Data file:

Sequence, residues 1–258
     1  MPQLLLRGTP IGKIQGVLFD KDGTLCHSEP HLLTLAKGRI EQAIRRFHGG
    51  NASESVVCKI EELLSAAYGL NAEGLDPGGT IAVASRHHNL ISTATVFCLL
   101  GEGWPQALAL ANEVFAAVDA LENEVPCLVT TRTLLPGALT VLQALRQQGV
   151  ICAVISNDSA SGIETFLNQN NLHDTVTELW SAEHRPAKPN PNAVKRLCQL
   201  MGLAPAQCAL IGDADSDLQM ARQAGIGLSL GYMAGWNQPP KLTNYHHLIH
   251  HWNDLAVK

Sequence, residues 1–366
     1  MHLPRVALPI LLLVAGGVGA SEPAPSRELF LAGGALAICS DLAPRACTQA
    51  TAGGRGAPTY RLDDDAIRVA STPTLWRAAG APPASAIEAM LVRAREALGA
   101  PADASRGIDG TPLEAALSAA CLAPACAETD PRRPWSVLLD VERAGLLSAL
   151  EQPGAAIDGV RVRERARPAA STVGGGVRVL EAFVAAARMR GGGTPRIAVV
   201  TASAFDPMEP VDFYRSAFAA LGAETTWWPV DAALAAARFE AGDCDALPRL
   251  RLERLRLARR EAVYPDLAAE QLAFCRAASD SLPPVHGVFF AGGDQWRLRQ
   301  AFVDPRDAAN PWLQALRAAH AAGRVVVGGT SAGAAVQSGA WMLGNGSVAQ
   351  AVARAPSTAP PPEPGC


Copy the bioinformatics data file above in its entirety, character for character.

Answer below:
Sequence, residues 1–258
     1  MPQLLLRGTP IGKIQGVLFD KDGTLCHSEP HLLTLAKGRI EQAIRRFHGG
    51  NASESVVCKI EELLSAAYGL NAEGLDPGGT IAVASRHHNL ISTATVFCLL
   101  GEGWPQALAL ANEVFAAVDA LENEVPCLVT TRTLLPGALT VLQALRQQGV
   151  ICAVISNDSA SGIETFLNQN NLHDTVTELW SAEHRPAKPN PNAVKRLCQL
   201  MGLAPAQCAL IGDADSDLQM ARQAGIGLSL GYMAGWNQPP KLTNYHHLIH
   251  HWNDLAVK

Sequence, residues 1–366
     1  MHLPRVALPI LLLVAGGVGA SEPAPSRELF LAGGALAICS DLAPRACTQA
    51  TAGGRGAPTY RLDDDAIRVA STPTLWRAAG APPASAIEAM LVRAREALGA
   101  PADASRGIDG TPLEAALSAA CLAPACAETD PRRPWSVLLD VERAGLLSAL
   151  EQPGAAIDGV RVRERARPAA STVGGGVRVL EAFVAAARMR GGGTPRIAVV
   201  TASAFDPMEP VDFYRSAFAA LGAETTWWPV DAALAAARFE AGDCDALPRL
   251  RLERLRLARR EAVYPDLAAE QLAFCRAASD SLPPVHGVFF AGGDQWRLRQ
   301  AFVDPRDAAN PWLQALRAAH AAGRVVVGGT SAGAAVQSGA WMLGNGSVAQ
   351  AVARAPSTAP PPEPGC